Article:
Last week, Upper and Lower Sixth Spanish students were able to enjoy an authentic dose of Spanish culture in the heart of London. Founded two years ago in a small space in Southwark, The Cervantes Theatre is London’s first venue dedicated to showcasing Spanish and Latin American plays. It’s not just the culture that’s authentic either. This production of Ay Carmela! that the Harrodian group watched last week was performed in the original Spanish from Monday to Wednesday and in an English translation from Thursday to Saturday. On the night when we visited, the audience consisted of a mix of native Spanish families and A level students, making for an atmosphere that was both relaxed and intimate.
The play we saw, Ay Carmela! provides a real snapshot of late 20th Century Spanish literary culture. Written by José Sanchis Sinisterra in 1990, Ay Carmela! which takes its title from a popular revolutionary anthem of the 30s, looks back to the dark days when Franco’s nationalists were on the brink of defeating the republican forces. The play, which was also made into a popular film, was one of the first pieces of post-Franco theatre to bring humour to this grim subject. It follows the story of a trio of travelling players, Carmela, Paulino and Gustavete, who accidentally find themselves on the nationalist side as the war comes to its conclusion, treating their struggles to survive as an entertaining but very dark farce.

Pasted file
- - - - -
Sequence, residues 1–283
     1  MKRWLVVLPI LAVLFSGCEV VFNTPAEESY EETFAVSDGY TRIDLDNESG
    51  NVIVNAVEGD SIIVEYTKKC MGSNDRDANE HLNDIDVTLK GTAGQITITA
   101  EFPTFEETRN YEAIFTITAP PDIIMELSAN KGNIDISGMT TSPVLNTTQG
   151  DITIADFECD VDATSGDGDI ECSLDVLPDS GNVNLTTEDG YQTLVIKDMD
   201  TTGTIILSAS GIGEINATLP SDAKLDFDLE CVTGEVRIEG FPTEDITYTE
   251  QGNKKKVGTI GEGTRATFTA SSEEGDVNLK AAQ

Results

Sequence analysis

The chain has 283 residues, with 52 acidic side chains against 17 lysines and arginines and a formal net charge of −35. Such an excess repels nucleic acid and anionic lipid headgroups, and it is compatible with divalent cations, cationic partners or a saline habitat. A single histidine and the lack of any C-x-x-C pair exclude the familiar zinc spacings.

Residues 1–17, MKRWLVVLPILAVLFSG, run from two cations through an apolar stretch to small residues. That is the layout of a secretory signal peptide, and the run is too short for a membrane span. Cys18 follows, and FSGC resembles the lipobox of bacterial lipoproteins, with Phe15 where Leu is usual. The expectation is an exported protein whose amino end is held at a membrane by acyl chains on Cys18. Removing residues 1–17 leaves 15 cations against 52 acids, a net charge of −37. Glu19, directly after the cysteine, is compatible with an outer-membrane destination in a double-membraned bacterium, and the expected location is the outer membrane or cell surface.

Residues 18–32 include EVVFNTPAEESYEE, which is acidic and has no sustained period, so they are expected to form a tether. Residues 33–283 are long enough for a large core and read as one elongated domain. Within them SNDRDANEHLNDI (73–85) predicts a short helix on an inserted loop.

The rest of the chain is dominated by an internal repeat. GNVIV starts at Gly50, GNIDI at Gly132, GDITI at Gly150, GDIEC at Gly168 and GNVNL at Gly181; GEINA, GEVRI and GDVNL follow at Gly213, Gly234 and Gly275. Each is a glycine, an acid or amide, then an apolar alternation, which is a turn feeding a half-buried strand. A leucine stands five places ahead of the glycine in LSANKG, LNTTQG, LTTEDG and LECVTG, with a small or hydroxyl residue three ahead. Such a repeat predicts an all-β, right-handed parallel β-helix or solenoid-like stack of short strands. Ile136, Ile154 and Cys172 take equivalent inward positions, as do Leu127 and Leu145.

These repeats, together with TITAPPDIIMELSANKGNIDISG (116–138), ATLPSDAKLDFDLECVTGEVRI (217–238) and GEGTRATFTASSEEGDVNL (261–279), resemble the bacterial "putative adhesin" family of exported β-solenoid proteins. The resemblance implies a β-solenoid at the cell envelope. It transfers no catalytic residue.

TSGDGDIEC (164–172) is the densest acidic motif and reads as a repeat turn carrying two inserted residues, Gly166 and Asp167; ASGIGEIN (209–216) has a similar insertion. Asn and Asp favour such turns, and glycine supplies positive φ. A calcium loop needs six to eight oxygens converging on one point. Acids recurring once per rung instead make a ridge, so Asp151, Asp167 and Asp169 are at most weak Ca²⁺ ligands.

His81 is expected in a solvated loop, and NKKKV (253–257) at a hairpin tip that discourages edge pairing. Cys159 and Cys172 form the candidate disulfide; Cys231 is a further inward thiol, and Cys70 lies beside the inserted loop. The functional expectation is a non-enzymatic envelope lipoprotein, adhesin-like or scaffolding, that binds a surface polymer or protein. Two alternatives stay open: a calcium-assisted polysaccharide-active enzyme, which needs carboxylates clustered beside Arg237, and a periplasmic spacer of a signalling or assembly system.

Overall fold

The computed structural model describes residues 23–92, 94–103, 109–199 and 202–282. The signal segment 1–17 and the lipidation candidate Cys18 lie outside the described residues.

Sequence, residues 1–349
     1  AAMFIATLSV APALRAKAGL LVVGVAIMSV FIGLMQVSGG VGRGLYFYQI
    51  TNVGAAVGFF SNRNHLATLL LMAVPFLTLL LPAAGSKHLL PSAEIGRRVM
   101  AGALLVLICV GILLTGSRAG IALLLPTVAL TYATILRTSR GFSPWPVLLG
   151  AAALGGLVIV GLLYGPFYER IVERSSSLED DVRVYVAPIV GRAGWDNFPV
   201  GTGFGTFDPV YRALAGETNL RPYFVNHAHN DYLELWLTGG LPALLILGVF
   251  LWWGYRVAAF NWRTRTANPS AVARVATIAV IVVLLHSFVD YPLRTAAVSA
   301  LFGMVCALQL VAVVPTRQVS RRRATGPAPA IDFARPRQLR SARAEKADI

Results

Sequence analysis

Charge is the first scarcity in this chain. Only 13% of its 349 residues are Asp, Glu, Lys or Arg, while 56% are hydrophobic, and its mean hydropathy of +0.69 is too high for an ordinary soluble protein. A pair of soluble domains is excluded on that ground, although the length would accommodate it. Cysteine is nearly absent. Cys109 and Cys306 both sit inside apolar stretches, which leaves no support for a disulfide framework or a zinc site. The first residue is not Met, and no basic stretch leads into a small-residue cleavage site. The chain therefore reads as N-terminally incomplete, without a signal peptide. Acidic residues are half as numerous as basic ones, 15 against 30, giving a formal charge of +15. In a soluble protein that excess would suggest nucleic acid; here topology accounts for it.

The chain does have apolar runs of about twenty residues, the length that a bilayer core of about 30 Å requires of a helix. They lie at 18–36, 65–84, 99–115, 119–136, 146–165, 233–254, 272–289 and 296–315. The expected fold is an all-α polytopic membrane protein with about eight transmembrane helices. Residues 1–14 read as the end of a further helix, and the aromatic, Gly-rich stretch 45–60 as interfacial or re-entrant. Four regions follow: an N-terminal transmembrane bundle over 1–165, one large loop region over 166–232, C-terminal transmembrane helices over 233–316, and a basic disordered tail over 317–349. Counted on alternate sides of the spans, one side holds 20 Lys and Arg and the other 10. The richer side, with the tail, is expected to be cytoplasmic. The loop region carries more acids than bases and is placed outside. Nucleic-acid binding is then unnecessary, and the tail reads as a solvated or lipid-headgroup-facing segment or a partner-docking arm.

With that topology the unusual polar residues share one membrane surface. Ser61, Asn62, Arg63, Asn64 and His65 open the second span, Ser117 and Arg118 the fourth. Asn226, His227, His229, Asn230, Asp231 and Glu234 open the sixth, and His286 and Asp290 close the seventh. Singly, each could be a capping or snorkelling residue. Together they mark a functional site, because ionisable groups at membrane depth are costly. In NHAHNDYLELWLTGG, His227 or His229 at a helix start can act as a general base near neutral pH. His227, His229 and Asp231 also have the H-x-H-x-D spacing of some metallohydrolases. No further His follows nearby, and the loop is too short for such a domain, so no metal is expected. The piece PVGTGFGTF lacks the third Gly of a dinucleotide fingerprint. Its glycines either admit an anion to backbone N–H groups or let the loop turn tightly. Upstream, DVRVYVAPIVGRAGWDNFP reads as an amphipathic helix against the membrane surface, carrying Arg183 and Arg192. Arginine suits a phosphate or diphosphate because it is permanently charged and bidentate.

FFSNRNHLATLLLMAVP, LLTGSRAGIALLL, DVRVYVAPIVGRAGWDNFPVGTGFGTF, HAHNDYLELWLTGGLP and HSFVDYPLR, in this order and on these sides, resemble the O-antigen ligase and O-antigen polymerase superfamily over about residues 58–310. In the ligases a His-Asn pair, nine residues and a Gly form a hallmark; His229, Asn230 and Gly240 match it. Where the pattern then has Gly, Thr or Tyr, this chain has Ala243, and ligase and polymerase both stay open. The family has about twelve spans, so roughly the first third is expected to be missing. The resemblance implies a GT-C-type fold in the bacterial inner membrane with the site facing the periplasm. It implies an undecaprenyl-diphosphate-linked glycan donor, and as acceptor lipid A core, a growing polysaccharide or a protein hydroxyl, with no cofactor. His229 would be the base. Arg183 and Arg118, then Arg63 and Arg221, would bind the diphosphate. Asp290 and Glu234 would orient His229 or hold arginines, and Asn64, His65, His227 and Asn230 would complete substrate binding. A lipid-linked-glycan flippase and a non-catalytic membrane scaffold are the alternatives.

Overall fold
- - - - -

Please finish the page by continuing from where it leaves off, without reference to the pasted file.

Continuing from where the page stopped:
According to Alessandro, one of the students on the trip, their first visit to the Cervantes Theatre will definitely not be their last. ‘We did not know what to expect of Ay Carmela! but thoroughly enjoyed it,’ he said. ‘The acting was stupendous and hearing the play in the original language made the experience much more enjoyable. I was gripped throughout and it was great to see the characters of Carmela and Paulino develop as the play progressed. The intimacy of a space in which we were almost face to face with the actors made it all the more engaging. I can’t wait to go back to see another play next year!’
For more information about forthcoming Cervantes Theatre productions, click here
Credit: Onstage photograph: Elena Molina